As we previously mentioned, the vapour barrier is what stops water from absorbing into the cover’s insulating foam. Vapour barriers in replacement hot tub covers typically range in thickness from 2ml to 10ml. The thicker the vapour barrier, the better it will stop water from absorbing into the foam, and the longer it will last before deteriorating.
Automatic Hot Tub Covers
Automatic hot tub covers like The Covana offer the longest lifespan and best insulation of any hot tub cover. They are also the most expensive cover replacement option.
Automatic hot tub covers are made from aluminum and thick polymers, and styled to look like a gazebo. Rather than being custom made for each hot tub, automatic hot tub covers will work for any hot tub within a set size range. They offer:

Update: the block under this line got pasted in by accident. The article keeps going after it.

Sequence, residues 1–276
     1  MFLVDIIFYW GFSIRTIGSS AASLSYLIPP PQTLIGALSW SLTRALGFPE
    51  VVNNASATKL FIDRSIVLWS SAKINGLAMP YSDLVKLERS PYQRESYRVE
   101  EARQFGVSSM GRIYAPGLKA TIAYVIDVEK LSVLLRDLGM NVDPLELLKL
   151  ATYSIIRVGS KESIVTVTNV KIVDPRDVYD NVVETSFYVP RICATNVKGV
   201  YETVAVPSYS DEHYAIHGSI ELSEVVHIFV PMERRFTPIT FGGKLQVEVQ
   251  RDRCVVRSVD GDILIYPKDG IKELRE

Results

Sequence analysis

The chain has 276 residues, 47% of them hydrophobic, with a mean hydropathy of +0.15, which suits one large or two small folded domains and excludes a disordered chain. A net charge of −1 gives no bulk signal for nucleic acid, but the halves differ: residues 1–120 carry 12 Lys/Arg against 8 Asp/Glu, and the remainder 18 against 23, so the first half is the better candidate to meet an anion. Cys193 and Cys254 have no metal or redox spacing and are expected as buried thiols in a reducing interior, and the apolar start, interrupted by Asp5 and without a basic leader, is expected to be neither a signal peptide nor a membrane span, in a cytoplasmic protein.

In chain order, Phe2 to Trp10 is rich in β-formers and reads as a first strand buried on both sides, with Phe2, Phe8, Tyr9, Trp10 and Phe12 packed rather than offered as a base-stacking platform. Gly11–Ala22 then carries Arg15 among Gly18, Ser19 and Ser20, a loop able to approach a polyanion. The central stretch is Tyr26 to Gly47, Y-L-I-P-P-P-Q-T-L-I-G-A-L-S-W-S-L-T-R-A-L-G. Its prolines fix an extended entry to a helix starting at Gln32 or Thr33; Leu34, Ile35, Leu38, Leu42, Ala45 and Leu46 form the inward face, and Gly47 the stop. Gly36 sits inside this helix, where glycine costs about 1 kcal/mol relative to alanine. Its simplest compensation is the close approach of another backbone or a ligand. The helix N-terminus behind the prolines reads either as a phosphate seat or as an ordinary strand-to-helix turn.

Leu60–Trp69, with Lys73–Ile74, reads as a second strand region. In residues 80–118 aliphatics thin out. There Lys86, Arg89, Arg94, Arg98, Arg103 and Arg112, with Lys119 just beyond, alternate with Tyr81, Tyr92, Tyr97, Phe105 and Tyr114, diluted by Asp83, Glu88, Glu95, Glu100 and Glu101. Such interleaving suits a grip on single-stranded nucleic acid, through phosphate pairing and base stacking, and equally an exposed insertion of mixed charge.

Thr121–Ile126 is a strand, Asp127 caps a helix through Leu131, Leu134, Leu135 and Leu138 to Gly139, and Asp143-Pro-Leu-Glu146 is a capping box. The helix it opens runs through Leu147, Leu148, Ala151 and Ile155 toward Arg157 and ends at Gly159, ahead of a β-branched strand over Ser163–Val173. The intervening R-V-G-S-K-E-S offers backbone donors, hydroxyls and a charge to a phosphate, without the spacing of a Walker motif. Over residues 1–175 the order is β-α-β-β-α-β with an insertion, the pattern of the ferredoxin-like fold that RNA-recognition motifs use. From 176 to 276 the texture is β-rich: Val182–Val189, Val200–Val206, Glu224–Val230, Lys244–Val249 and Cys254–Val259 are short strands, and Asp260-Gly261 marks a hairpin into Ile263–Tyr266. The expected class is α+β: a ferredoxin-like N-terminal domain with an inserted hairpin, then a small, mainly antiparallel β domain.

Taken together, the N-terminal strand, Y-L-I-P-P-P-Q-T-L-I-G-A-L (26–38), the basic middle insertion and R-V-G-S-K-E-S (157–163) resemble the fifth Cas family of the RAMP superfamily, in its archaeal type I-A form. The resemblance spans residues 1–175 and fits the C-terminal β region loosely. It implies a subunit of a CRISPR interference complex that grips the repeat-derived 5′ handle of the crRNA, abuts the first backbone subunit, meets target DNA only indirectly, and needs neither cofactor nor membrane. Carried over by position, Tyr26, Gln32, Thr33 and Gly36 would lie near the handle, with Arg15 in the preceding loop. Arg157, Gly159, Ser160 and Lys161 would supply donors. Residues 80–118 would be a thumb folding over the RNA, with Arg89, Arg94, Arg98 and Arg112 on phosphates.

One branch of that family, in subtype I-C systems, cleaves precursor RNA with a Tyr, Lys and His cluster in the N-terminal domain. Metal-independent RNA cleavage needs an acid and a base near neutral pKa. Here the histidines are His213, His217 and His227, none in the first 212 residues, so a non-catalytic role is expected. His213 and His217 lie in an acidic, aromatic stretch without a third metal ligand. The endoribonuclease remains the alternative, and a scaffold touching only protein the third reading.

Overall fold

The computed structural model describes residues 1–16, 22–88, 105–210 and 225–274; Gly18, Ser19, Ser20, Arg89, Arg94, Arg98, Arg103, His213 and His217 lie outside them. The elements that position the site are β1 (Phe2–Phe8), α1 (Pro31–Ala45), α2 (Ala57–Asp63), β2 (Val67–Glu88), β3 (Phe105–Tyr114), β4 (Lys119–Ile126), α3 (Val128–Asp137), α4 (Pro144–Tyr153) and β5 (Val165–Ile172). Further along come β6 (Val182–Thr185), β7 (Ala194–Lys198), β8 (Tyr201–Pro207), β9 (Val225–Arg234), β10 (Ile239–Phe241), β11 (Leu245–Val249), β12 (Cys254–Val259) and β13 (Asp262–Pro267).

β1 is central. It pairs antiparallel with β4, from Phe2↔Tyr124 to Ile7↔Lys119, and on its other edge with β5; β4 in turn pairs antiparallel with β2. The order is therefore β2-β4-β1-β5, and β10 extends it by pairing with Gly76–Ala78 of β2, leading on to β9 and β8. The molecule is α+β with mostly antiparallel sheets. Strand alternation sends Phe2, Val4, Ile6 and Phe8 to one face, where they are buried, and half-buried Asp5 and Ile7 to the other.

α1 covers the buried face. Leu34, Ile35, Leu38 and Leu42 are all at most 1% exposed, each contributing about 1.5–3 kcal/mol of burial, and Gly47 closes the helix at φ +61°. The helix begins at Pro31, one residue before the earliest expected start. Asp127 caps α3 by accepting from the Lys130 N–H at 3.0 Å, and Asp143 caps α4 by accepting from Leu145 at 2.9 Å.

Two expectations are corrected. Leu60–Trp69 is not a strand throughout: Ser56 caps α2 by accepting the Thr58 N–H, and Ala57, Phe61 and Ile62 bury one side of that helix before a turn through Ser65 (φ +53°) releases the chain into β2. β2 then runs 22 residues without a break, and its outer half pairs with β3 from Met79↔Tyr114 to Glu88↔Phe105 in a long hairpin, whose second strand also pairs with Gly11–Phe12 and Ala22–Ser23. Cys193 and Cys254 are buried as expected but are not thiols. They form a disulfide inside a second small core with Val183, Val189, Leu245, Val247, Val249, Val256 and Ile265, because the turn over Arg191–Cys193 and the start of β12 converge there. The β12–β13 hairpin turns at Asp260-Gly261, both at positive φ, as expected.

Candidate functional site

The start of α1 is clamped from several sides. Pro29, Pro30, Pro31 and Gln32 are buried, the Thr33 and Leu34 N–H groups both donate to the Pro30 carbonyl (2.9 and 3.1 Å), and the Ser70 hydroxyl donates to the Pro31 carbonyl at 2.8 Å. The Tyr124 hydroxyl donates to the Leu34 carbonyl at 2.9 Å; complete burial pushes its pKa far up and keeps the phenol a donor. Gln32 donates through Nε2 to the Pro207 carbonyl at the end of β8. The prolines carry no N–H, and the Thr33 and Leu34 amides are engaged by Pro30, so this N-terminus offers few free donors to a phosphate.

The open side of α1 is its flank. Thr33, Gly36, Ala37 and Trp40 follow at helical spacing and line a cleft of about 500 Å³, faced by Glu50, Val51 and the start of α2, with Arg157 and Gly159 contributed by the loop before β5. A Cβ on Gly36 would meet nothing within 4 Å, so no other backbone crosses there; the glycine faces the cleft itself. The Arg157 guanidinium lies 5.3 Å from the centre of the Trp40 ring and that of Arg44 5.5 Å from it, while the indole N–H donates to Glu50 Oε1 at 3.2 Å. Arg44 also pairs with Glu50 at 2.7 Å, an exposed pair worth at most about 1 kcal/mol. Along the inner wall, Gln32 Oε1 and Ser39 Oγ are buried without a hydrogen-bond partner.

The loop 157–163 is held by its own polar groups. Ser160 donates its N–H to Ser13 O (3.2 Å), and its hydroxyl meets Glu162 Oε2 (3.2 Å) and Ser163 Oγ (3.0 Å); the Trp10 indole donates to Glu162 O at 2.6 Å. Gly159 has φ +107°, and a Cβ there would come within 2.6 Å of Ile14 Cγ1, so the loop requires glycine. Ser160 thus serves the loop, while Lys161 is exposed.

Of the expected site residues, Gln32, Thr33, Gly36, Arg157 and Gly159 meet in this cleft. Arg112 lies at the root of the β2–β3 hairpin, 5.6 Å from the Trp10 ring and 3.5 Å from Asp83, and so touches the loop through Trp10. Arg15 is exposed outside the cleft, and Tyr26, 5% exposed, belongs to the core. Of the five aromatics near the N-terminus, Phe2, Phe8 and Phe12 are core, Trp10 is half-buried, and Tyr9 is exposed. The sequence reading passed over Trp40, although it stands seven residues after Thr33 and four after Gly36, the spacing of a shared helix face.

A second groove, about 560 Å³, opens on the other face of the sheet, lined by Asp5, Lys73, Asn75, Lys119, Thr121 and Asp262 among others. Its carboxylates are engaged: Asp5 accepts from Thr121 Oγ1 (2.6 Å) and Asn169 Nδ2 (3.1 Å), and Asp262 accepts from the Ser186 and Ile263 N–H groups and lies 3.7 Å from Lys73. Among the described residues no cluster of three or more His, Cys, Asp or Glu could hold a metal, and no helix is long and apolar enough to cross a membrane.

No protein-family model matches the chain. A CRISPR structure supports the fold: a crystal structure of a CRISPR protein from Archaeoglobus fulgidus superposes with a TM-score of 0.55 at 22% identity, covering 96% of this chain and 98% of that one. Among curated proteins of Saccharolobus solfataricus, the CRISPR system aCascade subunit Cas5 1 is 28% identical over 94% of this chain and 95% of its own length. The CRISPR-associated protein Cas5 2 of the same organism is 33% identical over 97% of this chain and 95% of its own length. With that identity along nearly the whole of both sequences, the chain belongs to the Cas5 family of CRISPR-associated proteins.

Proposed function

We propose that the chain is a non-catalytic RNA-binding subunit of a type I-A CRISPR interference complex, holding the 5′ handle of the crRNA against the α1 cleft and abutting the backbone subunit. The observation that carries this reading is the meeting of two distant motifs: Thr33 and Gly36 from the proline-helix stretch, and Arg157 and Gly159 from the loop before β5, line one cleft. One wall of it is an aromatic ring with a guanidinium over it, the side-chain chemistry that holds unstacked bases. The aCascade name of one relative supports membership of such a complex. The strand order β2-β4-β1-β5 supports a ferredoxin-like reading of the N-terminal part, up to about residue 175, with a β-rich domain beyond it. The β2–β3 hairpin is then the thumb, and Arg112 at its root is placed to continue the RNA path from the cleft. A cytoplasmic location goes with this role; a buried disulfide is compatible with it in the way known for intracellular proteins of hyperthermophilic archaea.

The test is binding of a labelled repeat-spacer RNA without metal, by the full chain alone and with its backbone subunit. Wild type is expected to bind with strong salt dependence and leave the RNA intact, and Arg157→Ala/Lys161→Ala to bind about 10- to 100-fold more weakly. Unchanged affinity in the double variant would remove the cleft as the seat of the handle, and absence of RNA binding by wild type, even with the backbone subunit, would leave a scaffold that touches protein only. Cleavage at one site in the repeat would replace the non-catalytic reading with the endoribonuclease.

- Automatic opening and closing with a special key.
- Added security. Nobody can use your hot tub without your key.
- Built-in lighting.
- Privacy screens to block out nosy neighbours and bug screens to keep bugs away.
- A rubber gasket that prevents evaporation and provides the best seal of any hot tub cover.
- The thickest foam to give the best overall insulating ability of any hot tub cover.
- A hard polymer top that is not affected by the UV of the Sun.
Tips To Extend The Life Of Your Cover
Now that you’ve replaced your cover, here are a few tips to make sure that you get the longest possible life out of it!